Location-Based Marketing, Regulation of Home-Share Platforms, and Other Developments in Section 230 Immunity
The Business Lawyer 75(1), 1667 (2020).
6 Pages Posted: 30 Dec 2019 Last revised: 7 Dec 2020
Date Written: 2019
Enacted at the beginning of the Internet Revolution, the Communications Decency Act (“CDA”) includes a provision that generally immunizes an “interactive computer service” (“ICS”) from liability based on information provided by third parties. Colloquially known by its section number in Title 47 of the U.S. Code, Section 230 provided a critical shield for the fledgling industry, much like the nineteenth-century abrogation of private property rights that allowed the railroads to expand from coast to coast. It allowed the Internet to grow by limiting claims against ICSs under both federal and state law. Section 230’s immunity has been broadly read by courts to cover virtually all forms of third-party content published by platforms, even if the information is inaccurate, illegal, or intended to deceive.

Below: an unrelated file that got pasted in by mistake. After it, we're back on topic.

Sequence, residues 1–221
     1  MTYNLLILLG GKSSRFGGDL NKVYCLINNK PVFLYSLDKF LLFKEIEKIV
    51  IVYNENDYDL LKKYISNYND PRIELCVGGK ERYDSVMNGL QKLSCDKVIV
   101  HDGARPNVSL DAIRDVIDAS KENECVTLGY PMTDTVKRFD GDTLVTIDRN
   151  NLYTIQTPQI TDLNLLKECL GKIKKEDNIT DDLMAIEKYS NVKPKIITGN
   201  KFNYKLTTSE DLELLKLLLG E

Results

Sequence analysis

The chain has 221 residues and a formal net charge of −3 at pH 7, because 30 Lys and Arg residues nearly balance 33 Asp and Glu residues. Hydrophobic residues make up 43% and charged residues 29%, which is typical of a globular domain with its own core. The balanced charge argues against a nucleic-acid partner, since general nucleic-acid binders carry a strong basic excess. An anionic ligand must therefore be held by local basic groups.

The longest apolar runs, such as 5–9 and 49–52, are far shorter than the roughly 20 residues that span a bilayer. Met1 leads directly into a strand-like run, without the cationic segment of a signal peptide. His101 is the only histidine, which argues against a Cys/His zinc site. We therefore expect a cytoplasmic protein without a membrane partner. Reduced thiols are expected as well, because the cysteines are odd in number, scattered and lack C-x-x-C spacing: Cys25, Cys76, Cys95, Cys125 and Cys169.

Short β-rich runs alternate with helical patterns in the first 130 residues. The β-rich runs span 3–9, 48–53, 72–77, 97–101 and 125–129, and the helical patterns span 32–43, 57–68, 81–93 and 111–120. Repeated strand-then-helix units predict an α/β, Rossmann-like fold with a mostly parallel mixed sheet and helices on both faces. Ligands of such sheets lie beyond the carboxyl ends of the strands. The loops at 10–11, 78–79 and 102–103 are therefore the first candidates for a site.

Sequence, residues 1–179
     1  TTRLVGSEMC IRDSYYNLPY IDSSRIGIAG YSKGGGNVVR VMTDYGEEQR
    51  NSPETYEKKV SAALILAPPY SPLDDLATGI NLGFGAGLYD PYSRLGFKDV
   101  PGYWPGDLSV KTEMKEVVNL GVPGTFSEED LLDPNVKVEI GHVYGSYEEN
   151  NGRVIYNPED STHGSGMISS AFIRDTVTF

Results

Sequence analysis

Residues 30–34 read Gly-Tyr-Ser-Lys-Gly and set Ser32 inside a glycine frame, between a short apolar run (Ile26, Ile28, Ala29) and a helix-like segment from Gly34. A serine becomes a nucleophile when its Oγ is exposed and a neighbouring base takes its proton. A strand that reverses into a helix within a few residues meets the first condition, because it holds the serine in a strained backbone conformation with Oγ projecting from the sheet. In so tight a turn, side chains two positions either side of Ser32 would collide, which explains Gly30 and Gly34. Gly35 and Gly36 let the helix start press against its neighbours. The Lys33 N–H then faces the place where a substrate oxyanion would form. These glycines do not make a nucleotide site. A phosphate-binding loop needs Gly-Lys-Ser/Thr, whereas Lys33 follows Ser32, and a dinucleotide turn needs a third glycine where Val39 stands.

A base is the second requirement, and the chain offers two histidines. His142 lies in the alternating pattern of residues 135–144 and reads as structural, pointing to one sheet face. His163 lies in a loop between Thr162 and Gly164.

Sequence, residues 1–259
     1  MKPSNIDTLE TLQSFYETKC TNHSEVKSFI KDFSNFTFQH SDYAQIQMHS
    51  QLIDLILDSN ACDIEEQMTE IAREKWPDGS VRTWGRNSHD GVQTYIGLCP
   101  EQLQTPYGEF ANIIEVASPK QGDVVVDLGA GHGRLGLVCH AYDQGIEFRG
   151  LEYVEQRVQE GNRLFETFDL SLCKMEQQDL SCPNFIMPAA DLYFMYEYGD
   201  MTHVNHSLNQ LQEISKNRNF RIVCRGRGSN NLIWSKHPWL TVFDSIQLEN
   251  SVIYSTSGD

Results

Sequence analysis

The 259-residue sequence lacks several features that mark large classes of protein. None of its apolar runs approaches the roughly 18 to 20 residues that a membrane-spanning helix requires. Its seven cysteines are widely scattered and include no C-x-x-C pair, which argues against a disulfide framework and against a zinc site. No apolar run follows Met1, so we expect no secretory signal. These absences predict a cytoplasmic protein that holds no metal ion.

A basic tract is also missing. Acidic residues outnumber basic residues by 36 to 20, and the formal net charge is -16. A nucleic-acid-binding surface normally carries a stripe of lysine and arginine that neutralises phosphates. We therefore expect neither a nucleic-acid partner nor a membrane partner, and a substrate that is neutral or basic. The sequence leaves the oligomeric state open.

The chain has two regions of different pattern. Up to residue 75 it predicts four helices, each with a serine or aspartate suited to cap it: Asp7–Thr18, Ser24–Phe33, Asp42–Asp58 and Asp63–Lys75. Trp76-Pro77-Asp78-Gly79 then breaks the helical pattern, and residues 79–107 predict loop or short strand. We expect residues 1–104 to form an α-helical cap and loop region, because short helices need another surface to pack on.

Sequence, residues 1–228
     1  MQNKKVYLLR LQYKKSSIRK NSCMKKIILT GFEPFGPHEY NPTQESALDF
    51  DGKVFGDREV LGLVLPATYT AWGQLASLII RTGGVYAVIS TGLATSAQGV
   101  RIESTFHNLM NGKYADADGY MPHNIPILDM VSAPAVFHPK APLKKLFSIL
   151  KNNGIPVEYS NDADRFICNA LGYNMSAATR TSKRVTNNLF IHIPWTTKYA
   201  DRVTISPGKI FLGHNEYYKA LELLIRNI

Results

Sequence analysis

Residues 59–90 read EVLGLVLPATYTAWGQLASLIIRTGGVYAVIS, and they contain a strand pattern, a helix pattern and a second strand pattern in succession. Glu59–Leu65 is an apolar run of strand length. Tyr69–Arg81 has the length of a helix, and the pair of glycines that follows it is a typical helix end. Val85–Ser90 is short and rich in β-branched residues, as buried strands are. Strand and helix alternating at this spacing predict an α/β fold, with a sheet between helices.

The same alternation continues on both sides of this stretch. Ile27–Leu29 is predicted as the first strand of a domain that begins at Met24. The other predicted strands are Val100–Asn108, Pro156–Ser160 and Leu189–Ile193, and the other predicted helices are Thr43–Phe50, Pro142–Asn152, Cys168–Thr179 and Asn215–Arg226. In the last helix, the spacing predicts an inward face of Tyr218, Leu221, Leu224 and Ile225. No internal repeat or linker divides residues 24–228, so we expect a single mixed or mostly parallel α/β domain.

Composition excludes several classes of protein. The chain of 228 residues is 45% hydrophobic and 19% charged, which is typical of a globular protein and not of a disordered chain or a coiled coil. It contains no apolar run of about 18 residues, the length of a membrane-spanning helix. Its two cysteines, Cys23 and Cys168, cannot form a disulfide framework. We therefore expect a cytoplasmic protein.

This survey includes cases involving false location-based advertising, online impersonation, and a variety of other causes of action, most of which were dismissed in favor of the ICS due to the immunity provided by Section 230. However, questions remain about the future efficacy of Section 230 for some companies that have prospered behind Section 230’s shield. Furthermore, cracks in this cornerstone of the Internet are beginning to emerge, due in no small part to a well-meaning 2018 amendment entitled the Allow States and Victims to Fight Online Sex Trafficking Act (“FOSTA”). The implications for Section 230’s immunity shield, and the business models it allowed to flourish, could prove to be dramatic and the development of the ensuing line of cases and legislation should be on the radar of all business lawyers.
Keywords: Section 230, ISP immunity, cyberlaw, FOSTA, CDA
JEL Classification: K22, K23, K20, K13
Suggested Citation: Suggested Citation